I have this new Verizon FIOS service at home. (I replaced our old proprietary — and incredibly costly — Internet filtering with free service from OpenDNS.) After it was installed — well, after it was re-installed, the first installation having been done wrong — I have really enjoyed having that sort of broadband speed at home.
We’re not media downloading people, we Colemans, so it’s not that. It’s just the browsing experience, and, for me, I can really experience true virtual commuting; using LogMeIn I can work at my office desktop from home with almost no perceptible lag. I also really appreciate being able to upload big files fast, something I sometimes have to do when filing legal papers online by a deadline that is all of a sudden bearing down fast. Not only this, but the pricing is great; with all that bandwidth I was able to completely drop my extra landline, which despite the best efforts at phone service discounting was so laden with taxes (“fees”) that it was an utterly unjustifiable luxury just for dedicated faxes to home.
These guys are constantly, constantly pushing you to their incredibly powerful-looking customer-interfacing website for customer service. Seeing as how you have to fence on the phone with a talking computer anyway, you give it a try. And look at all the buttons to click! It’s true one-stop shopping! Here’s the warning sign: It only “really” works with Microsoft Internet Explorer. Short of requiring you to get access to it via AOL, that’s about as grim a warning sign as you can get.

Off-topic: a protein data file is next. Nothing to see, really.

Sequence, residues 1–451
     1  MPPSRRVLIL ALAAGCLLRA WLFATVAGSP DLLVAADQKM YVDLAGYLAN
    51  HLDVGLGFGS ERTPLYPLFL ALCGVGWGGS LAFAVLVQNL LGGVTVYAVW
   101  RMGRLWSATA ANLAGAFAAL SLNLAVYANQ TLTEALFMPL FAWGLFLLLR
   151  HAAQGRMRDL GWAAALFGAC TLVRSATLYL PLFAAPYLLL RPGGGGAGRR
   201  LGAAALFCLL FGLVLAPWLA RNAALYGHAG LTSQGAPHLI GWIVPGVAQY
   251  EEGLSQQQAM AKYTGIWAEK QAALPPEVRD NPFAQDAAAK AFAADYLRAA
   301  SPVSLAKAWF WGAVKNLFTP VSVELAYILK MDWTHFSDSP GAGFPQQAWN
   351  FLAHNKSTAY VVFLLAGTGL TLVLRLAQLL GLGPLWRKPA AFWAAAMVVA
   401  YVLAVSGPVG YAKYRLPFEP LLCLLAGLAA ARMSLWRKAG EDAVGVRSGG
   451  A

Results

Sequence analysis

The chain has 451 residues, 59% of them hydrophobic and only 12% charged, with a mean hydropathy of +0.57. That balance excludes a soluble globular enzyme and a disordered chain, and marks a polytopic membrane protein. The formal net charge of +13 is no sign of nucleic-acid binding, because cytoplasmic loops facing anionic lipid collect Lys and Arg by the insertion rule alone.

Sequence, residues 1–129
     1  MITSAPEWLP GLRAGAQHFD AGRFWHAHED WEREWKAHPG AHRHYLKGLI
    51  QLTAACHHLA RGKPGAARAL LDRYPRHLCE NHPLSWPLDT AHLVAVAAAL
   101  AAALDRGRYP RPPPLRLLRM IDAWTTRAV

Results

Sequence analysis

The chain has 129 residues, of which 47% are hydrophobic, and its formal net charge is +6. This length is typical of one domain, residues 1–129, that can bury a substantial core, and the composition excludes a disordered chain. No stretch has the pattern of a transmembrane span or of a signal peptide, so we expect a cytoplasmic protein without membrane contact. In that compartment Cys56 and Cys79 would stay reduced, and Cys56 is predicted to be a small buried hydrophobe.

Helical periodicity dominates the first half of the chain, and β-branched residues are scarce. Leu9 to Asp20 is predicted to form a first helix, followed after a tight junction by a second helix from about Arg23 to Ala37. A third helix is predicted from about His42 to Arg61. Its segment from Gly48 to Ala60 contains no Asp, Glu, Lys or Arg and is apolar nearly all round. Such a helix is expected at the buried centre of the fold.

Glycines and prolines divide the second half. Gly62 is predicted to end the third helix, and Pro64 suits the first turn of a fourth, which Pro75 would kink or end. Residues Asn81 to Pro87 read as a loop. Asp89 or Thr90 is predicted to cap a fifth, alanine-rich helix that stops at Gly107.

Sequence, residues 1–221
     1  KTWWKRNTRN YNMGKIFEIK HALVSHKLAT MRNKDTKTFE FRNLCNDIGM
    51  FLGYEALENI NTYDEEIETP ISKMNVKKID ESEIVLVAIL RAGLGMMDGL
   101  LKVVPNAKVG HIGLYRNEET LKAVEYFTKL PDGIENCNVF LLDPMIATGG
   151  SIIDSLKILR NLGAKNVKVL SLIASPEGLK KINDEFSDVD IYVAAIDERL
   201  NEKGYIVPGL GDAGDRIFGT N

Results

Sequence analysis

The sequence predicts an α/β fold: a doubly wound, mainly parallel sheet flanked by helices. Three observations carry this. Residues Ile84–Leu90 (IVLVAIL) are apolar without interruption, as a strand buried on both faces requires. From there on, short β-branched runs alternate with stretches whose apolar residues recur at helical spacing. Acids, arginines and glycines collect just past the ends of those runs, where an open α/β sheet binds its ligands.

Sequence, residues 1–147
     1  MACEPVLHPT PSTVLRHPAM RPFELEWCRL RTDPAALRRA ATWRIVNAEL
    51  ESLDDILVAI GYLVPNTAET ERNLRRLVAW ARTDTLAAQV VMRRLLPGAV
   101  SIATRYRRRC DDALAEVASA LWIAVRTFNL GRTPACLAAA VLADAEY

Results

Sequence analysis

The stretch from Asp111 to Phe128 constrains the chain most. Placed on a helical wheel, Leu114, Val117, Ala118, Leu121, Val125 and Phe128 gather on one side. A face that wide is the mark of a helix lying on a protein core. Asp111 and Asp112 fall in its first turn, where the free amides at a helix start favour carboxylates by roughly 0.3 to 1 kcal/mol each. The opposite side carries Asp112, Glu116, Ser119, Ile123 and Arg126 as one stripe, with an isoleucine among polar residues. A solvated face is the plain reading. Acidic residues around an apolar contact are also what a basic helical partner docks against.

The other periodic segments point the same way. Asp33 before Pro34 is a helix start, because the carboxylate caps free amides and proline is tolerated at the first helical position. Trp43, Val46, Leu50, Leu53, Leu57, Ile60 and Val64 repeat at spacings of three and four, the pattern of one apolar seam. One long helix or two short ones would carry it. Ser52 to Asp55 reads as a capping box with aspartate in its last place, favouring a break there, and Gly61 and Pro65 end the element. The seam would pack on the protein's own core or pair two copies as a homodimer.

And so it goes.
Nothing — nothing — works on the Verizon site. And when I say nothing, I mean of course pretty much nothing, or a majority of things you want to do once you get there. THIS is not available “at this time.” THAT is not available “at this time.” THE OTHER just hangs up. Please come back later. Please try again another time. Please call customer service. Only not now, ok? And so on. And so on. And so on.
I knew this already. I knew it years ago. I just kept hoping against hope that this offspring of the great Bell trust had really begun to understand how to serve customers, and that one of the main things you do to serve them is not make promises you can’t keep — including promises of things websites can do but which they really can’t. And that one of the corollaries of that is not to push your customers to that resource when it is not even remotely up to the job.
Verizon is fast, all right. But it seems that once a monopoly, always a monopoly.
Verizon is still just the phone company.